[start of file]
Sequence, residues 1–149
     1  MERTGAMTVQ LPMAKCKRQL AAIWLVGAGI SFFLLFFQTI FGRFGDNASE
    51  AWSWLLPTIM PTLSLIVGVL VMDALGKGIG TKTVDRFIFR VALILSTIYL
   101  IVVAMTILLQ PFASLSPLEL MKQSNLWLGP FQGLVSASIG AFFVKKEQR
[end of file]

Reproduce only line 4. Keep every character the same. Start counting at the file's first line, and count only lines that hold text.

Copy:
   101  IVVAMTILLQ PFASLSPLEL MKQSNLWLGP FQGLVSASIG AFFVKKEQR